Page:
MANILA, Philippines (UPDATED) – The Senate will conduct an inquiry into the murder of a Filipino transgender woman in Olongapo City, allegedly by a US marine, the chair of the Senate foreign relations committee said on Wednesday, October 15.
Senator Miriam Defensor Santiago said her committee will conduct the inquiry, in aid of legislation, after the congressional break, or on or about October 22.
Santiago said resource persons to be invited to the inquiry will include police authorities assigned to the case, employees on duty at the hotel where Jeffrey Laude, known as Jennifer, was found dead, and the victim's family members and friends.
Laude was found dead in a hotel in Olongapo City on October 11, where she was last seen with a young Caucasian later identified by police as Private First Class Joseph Scott Pemberton, a participant in the Philippines-US joint military exercises.
The senator deemed the timing of the incident as “egregious,” coming right after the joint exercises, and just before military leaders of both countries met for discussions on the new Enhanced Defense Cooperation Agreement (EDCA) on October 14.
Congressman asks for probe too
In Olongapo City, Kabataan Representative Terry Ridon announced in a press conference that he would file a resolution to ask the House of Representatives to conduct an investigation into Laude's case.
House Resolution 1568 will urge the House committee on foreign affairs and the committee on national defense to jointly investigate the case in aid of legislation.
Ridon said that by agreeing to allow US authorities to take custody of Pemberton and detain him in his ship, as permitted under military agreements between US and the Philippines, “we ultimately surrendered the sovereignty of the Philippines” to America.
HB 1568 states that “the agreements render the State and judiciary secondary inferior and if not, powerless to the foreign military allies.” It said this makes Filipinos vulnerabile to heinous crimes and other injustices.
Santiago said the custody issue seen to arise from the case would again highlight the need to "terminate" the Visiting Forces Agreement (VFA) which, unlike the EDCA, contains provisions on jurisdiction and custody over US military servicemen who have committed crimes in Philippine territory.
“Presumably, the US military authorities will invoke the terms of the VFA in the transgender case. This is one more reason why we should terminate the VFA,” she said.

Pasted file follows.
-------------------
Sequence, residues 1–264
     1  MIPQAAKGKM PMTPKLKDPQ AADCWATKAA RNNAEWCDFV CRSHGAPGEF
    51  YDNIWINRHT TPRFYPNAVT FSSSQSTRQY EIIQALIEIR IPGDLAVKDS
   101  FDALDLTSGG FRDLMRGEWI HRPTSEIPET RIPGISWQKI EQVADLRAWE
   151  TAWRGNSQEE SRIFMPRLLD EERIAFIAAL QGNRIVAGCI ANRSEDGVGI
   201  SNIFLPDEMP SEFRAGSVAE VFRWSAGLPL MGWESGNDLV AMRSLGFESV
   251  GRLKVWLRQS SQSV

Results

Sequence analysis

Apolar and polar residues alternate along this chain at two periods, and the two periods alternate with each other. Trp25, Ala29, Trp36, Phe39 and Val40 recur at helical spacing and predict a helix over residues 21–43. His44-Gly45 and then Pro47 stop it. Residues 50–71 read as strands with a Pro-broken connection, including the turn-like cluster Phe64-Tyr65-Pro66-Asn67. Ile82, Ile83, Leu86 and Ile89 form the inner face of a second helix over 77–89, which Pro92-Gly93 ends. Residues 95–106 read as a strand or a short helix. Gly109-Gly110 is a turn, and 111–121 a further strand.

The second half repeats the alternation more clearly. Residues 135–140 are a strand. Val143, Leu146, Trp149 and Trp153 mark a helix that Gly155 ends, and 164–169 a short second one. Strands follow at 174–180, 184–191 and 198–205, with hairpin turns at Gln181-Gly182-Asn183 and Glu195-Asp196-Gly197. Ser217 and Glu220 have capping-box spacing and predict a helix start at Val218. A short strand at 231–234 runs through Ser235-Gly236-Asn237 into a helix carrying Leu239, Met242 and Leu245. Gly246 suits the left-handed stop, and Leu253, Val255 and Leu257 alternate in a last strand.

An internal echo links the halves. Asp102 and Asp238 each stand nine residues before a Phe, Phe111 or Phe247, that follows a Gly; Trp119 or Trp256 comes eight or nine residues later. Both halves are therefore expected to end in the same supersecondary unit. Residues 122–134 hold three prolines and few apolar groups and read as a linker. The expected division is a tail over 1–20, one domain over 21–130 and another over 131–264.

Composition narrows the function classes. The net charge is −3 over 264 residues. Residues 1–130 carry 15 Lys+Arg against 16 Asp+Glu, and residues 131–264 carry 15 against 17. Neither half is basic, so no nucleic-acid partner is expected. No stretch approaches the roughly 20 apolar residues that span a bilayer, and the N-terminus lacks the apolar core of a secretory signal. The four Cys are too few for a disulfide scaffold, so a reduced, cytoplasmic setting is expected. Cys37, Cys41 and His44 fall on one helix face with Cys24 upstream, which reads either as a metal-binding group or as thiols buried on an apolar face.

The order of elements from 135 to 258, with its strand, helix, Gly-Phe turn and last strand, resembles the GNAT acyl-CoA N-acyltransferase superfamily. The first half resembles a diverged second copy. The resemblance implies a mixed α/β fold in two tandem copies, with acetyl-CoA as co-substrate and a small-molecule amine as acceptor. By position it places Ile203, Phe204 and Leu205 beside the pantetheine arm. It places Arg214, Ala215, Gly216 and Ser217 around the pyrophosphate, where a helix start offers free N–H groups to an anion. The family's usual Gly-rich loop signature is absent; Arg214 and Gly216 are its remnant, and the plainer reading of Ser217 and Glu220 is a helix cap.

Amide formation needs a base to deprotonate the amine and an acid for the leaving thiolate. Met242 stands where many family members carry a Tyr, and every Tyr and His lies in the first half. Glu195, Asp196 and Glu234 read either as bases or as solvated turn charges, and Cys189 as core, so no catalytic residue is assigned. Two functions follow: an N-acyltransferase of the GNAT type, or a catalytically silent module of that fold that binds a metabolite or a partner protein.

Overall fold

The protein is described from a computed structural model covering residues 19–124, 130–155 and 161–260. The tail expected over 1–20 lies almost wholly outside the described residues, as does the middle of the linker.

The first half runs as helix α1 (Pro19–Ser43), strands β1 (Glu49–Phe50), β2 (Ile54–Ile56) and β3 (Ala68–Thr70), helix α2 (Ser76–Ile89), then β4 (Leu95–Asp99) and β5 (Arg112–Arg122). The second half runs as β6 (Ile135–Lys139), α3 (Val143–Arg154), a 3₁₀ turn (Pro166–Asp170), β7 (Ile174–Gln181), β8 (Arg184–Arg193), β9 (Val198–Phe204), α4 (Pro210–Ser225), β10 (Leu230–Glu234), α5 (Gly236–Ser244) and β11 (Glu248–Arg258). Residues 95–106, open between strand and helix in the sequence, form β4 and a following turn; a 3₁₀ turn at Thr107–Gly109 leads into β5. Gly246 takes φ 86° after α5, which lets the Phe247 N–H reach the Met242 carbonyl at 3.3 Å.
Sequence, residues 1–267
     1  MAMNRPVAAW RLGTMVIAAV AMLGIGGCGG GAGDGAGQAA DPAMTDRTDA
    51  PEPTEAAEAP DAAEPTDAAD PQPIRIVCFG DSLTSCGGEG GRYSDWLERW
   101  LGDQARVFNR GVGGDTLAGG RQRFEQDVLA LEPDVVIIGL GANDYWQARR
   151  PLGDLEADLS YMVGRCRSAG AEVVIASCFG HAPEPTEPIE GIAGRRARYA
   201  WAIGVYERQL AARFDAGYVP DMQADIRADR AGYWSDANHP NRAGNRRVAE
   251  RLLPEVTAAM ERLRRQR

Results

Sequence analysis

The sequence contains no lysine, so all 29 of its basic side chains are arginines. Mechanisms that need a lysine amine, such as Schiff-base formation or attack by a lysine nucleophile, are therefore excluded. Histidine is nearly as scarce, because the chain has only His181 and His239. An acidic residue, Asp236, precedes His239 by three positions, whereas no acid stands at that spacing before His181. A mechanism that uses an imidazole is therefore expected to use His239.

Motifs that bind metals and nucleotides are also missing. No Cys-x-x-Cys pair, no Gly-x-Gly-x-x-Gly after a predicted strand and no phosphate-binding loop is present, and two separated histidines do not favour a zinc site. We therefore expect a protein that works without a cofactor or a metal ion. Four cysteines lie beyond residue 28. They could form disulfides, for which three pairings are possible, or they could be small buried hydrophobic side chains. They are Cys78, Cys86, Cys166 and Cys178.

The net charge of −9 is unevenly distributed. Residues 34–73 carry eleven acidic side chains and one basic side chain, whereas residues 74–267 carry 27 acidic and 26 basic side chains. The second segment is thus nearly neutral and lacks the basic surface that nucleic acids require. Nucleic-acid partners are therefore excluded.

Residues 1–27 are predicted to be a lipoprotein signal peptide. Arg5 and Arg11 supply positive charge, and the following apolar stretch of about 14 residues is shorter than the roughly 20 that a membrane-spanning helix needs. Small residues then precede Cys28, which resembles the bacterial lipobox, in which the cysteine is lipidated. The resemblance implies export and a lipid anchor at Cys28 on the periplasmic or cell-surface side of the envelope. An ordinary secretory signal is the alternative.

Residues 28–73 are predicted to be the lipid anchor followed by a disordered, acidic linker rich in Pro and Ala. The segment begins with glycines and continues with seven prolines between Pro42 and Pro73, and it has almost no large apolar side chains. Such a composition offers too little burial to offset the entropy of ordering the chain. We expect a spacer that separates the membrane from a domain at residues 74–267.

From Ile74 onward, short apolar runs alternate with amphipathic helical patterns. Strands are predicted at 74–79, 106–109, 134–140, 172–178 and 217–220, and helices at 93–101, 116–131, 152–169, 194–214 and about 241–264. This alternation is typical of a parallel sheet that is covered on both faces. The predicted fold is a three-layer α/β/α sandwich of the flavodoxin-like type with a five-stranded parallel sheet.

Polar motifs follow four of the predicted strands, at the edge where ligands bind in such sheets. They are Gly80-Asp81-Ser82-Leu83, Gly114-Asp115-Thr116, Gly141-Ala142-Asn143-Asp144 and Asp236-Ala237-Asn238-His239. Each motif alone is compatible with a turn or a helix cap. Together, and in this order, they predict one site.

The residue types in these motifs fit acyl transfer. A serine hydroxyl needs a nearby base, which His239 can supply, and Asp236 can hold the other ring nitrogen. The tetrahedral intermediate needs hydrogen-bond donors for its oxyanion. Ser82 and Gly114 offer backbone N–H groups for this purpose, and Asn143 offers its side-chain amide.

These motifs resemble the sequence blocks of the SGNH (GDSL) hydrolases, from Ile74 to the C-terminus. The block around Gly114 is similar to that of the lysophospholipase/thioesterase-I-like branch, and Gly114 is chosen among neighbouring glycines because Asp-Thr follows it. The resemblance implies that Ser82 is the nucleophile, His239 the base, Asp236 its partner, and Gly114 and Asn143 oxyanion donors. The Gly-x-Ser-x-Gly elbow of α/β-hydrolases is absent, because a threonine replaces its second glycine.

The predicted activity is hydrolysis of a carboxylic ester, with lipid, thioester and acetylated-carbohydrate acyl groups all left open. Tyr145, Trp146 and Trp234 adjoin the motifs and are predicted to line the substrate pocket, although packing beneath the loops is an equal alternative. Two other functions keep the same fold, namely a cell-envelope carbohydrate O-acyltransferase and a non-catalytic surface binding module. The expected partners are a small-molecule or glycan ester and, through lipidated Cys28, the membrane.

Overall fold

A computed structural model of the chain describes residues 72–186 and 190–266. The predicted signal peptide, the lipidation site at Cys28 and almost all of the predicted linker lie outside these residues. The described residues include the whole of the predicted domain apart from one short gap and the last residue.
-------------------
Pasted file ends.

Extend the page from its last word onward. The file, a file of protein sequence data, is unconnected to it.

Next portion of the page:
Santiago, who had pushed for a renegotiation of the VFA, cited the "disparity" in the custody of US personnel suspected of a crime in the Philippines, first seen in the case of Lance Corporal Daniel Smith in 2005, and expected to resurface in the Olongapo slay case.
Smith was accused of raping Filipina Suzette Nicolas, earlier named by the media as "Nicole." He remained in US custody throughout his trial and even after his conviction, as he awaited the final resolution of his appeal. He was later acquitted after Nicolas recanted her allegation.
Philippines officials have said that will seek custody of Pemberton, though conceded that there is no guarantee that the US would grant it.
The senator said the VFA gives the US custody of its personnel, though the Philippines – which has jurisdiction over the case – may request custody of a suspect only "in extraordinary cases," subject to US consideration.
“The disparity is very clear. The Philippines has jurisdiction but, upon mere request by the US, our law enforcement is required to immediately turn over the custody of the American military personnel to the US,” the senator said.
Santiago noted that if the Philippines makes a request because the case is considered extraordinary, the US is not required to immediately grant the request, but to only take it into "full account."
In 2009, Santiago sponsored a resolution "expressing the sense of the Senate that the Department of Foreign Affairs should seek to renegotiate the VFA with the US, and in case of denial should give notice of termination of the VFA.”
In seeking the termination of the VFA, Santiago had argued, among others, that the agreement violates the Philippine Constitution, which provides that the US as the other contracting state should have recognized the VFA as a treaty, not as a mere executive agreement.
Marilou Laude, the sister of the murdered transgender, urged government agencies to speed up the investigation into the case.
“This case of our beloved Jennifer should not be another story of ‘Nicole,’ where the suspect remained free,” she said at the press conference with Ridon in Olongapo, referring to Smith's victim 9 years ago. – with a report from Randy V. Datu/Rappler.com